With series 2 of My Mad Fat Diary coming to British TV channel, E4, in February, I thought it would be a good time to sing the praises of series 1, which came on air around this time last year.
In the first episode we meet Rae Earl, 16 stone, 16-year-old played by Glaswegian actor, Sharon Rooney. We meet her as she is leaving the mental hospital she spent the past few months in. We also meet her new therapist, Kester, played by Ian Hart, whom she continues to see throughout the series. One of my favourite things about this series was the evolving relationship between Rae and Kester. At first, Rae is resistant towards him, but she opens up more and more as the series goes on. Maybe I likes this aspect of the programme because I have seen therapists myself and have found the process challenging. It is difficult to open up about what is painful with someone that you do not know very well.
The central thread running through the series is that Rae keeps a diary. She was encouraged to start keeping a diary by Kester, and some illustrations and segments from her diary are interwoven into the narrative.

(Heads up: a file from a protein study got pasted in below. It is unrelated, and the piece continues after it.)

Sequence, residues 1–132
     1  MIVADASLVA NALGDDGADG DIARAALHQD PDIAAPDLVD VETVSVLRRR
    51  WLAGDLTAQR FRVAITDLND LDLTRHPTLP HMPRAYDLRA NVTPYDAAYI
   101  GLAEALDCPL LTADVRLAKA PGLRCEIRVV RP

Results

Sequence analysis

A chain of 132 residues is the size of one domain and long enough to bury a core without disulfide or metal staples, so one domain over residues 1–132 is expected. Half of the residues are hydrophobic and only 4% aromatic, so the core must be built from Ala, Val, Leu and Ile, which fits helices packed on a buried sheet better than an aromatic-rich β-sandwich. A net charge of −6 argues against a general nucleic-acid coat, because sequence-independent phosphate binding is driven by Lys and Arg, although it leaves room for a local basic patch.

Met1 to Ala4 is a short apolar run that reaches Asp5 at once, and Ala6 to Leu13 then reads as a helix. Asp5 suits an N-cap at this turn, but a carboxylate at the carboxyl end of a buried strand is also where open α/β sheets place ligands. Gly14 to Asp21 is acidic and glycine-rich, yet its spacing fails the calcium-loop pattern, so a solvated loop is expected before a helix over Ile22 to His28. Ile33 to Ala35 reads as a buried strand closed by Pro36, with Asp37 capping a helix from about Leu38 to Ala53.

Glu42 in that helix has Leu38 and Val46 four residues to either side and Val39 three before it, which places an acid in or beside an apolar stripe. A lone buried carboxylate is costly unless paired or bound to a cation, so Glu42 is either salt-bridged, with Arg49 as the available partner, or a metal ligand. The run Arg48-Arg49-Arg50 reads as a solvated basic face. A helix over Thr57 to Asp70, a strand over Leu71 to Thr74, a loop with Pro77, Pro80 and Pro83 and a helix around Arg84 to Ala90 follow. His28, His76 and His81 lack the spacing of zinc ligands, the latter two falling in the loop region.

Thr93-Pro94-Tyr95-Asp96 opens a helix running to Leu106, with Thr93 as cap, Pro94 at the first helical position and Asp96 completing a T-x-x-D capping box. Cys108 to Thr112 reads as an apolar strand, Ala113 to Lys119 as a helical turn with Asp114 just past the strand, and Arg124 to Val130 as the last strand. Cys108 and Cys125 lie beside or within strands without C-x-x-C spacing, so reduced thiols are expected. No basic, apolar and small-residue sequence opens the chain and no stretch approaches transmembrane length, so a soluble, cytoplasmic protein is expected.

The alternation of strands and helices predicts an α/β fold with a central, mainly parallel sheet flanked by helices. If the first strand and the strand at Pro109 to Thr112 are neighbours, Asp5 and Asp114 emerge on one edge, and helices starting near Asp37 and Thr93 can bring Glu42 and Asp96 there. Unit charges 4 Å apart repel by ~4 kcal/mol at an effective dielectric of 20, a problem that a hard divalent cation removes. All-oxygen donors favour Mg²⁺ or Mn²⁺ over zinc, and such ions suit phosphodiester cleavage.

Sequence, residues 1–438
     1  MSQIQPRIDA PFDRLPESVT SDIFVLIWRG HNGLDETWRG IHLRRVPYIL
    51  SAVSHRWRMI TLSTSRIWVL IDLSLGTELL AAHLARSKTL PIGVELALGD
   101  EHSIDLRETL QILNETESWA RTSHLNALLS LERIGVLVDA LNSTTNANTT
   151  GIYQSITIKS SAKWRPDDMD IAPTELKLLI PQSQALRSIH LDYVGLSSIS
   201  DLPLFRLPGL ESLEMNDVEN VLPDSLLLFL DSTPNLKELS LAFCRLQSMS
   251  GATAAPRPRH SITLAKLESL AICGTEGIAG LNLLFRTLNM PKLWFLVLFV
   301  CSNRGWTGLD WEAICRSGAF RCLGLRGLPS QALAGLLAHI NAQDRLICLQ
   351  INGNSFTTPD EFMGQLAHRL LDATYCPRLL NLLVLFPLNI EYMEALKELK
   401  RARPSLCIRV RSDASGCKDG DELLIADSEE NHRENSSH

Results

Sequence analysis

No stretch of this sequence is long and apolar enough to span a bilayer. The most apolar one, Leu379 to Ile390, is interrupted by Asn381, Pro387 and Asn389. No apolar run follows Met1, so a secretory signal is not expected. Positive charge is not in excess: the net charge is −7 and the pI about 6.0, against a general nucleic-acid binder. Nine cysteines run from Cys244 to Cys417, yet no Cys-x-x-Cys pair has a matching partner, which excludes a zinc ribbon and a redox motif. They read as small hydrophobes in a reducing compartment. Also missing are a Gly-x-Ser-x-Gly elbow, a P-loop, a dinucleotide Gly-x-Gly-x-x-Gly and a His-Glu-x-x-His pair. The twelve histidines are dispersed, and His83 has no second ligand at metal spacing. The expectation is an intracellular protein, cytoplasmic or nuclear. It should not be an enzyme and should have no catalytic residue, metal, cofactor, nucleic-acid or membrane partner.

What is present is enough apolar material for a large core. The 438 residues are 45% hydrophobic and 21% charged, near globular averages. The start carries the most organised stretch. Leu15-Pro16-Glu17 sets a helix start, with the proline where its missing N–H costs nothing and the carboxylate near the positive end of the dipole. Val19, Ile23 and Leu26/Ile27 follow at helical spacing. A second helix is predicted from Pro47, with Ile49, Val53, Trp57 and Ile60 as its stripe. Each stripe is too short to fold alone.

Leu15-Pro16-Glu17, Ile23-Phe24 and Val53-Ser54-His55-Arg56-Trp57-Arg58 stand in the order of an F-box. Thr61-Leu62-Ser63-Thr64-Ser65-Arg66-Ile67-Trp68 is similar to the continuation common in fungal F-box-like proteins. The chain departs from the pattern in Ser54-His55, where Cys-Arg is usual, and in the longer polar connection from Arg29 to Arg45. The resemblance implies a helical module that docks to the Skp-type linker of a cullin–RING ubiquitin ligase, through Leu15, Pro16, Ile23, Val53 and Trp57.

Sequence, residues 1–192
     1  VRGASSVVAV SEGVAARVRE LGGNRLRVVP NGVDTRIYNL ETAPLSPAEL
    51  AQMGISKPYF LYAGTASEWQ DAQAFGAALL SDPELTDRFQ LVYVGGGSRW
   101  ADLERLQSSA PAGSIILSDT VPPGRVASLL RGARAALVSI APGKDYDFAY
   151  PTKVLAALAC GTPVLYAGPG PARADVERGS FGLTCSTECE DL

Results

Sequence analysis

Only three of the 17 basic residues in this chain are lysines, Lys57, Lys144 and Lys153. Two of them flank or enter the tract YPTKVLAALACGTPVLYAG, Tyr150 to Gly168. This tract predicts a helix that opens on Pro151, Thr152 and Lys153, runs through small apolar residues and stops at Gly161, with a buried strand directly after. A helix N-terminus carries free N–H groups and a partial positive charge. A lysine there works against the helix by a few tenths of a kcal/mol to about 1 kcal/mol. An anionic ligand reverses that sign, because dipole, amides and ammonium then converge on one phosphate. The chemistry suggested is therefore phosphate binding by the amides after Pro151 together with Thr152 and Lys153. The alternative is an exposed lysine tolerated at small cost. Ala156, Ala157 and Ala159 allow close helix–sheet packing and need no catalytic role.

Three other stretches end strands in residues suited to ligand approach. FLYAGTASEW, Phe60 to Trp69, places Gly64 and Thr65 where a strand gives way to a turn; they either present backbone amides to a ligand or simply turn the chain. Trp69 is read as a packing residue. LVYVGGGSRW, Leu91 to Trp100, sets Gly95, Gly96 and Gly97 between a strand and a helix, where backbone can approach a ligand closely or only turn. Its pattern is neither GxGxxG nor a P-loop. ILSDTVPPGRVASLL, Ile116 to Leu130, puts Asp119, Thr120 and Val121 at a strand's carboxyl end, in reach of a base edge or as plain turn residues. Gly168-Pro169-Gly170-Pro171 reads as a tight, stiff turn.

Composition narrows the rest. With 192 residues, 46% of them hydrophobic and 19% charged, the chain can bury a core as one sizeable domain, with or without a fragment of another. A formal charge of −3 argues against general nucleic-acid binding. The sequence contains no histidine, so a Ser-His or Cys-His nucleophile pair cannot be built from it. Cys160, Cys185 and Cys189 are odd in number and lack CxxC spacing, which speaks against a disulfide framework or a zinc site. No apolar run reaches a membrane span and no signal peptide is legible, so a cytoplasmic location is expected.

Her relationship with her diary is an honest one. She writes about how she has feeling, and her feelings are powerful. However, as Kester says, “You can leave things out of a diary. You can rip out whole pages and pretend they don’t exist”. The important thing to remember about a diary is that it doesn’t talk back. You could write all kinds of terrible things about yourself and you won’t get a reply. The diary won’t stick up for you, or challenge your self-criticism. That’s the difference between being honest with diary, and being honest with another person.
I loved this series because of the character of Rae. She’s funny, intelligent, and much more important to the people around her than she thinks she is. Any woman who was bullied at school, and grew up with a powerful anxiety about the way she looked, and her ability to fit in, will empathise with Rae.
This series explores how hard the journey into womanhood can be, and the treatment of mental illness in young adults is sensitive and informed. Furthermore, it’s based on a true story, which makes it all the more wonderful. I’m looking forward to series 2.